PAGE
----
Offering practical and eco-friendly services

The natural resources the Earth can produce in a year are being consumed more and more quickly. Human consumption is directly related to this state of affairs and Decathlon is aware of its responsibility.

Since 2016, Decathlon has started talking about ‘sports users’ instead of customers. This decision reflects our desire to place value on playing sports and interacting with products, rather than on permanent possession.

Today, our teammates are working to increase product durability, thinking about reparability and product end-of-life from the design phase onward. We can reduce the strain our company places on natural resources by expanding initiatives such as designing sturdy and easily repairable products, creating a new life for products through the second-hand market and providing collection points to make recycling easier.

Notre action sur nos offres, en chiffres
en 2017

2017 Summary

We continue to pursue our global strategy of making our products more durable and avoiding the destruction of articles.

We are rethinking the Trocathlon model to better meet our users’ needs.

We are creating a product donation approach in line with legal requirements.

Workshops focused on product sustainability

We operate 20 regional workshops around the world and every Decathlon store has its own repair workshop.

These workshops are intended to support sports users in the use and upkeep of their products, to make the most of their investment, and in the process extend the products’ durability.

We believe that most repairs could be avoided with better product maintenance. That is why we encourage sportspeople to come in and learn how to care for their equipment from our technical experts.

To make sports users more independent and help them learn to do things themselves, we sell spare parts through our online portal and provide explanatory tutorials to help them through the repair process on our website: https://support. decathlon.fr/.

Workshops are also a great place to see how users actually use our products. That is why workshops offer support to Decathlon brands and work in close collaboration with a workshop technician.

Starting this year, the Decathlon brand teams are also responsible for listing the components needed to repair their products.

Both actions serve a single purpose: to improve overall product design by thinking about reparability from the very beginning.

Key project figures:

In 2017, repair solutions were found for 253,000 products, 43% more than in 2016.

Users reported their satisfaction by rating service quality a 4.4/5 (compared with 4.3 in 2016).

The Rewind project: doing better by adopting the circular economy principle

In 2016 Decathlon launched “Rewind”, a circular economy project, providing the perfect illustration of one of the four ‘R’s (reduce, reuse, repair, and recycle).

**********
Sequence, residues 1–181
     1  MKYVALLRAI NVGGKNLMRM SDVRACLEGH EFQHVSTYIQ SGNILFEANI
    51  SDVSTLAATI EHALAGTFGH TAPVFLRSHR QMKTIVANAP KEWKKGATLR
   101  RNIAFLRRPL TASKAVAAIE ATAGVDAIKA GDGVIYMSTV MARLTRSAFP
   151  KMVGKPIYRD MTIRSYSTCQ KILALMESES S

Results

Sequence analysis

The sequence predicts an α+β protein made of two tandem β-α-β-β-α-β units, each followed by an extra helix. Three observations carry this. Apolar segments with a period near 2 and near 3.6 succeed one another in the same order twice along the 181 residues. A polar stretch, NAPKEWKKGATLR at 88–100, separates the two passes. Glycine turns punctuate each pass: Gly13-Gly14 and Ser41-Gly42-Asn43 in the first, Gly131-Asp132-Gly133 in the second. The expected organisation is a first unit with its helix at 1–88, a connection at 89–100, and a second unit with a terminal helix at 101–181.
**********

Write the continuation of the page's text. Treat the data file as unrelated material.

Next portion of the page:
Still in its pilot stage, this project involves collecting end-of-life clothing, reducing it into fibres, and using these fibres to make thread, fabric, and ultimately new products.

In 2017, we sold 2.9 million pairs of tennis socks made from industrial fabric scraps based on this idea.

The project group is a consortium of five members who represent the different stages of the cotton value chain in France: Laroche, a manufacturer of recycling machines, TDV, a spinning/weaving company, the European Centre for Innovative Textiles (CETI), the Catholic Institute of Arts and Trades (ICAM) and Decathlon.

In 2017, the consortium received public funding from ADEME, the French Environment and Energy Management Agency, to continue its work.

Resource recovery: optimising our use of materials to increase their lifespan

Romain BIELAIRE, Production Leader for Heavy Stitching Processes, Euromed Region and Marco DARIOLI, Quality Manager of the OQS Team (Operational Quality Solutions).

How did the “punching bag” project get its start?
Marco: In February 2017, we realised we had a quality problem with our ski socks. The finished product did not meet our requirements. We couldn't sell them, so we had to destroy them.
Romain: At that time, I was working with a supplier in the Czech Republic, Gala, that was filling their punching bags with textile scraps from the automotive industry, which we purchased. When I heard that, I realised we had an opportunity to use the defective socks to fill these punching bags.
What challenges did this project face?
Romain: To make this reuse strategy possible, we needed to create a warehouse/supplier stream to collect and store defective products. In order to comply with the punching bag specifications, we worked with Chloé Bousquet, a Product Engineer, to adjust the product design and production tools so that we could use a wider range of scraps as filling.
What opportunities did this situation create?
Marco: Any time we have a quality problem, we do everything we can to repair the products in question, but sometimes it's too expensive or not technically possible. Non-repairable products that cannot be donated are recycled as much as possible. I'm a big nature lover and I really want to be able to express my personal convictions in the work that I do. When I'm able to help reduce waste as part of my job, I feel like I'm being useful and acting as a good citizen.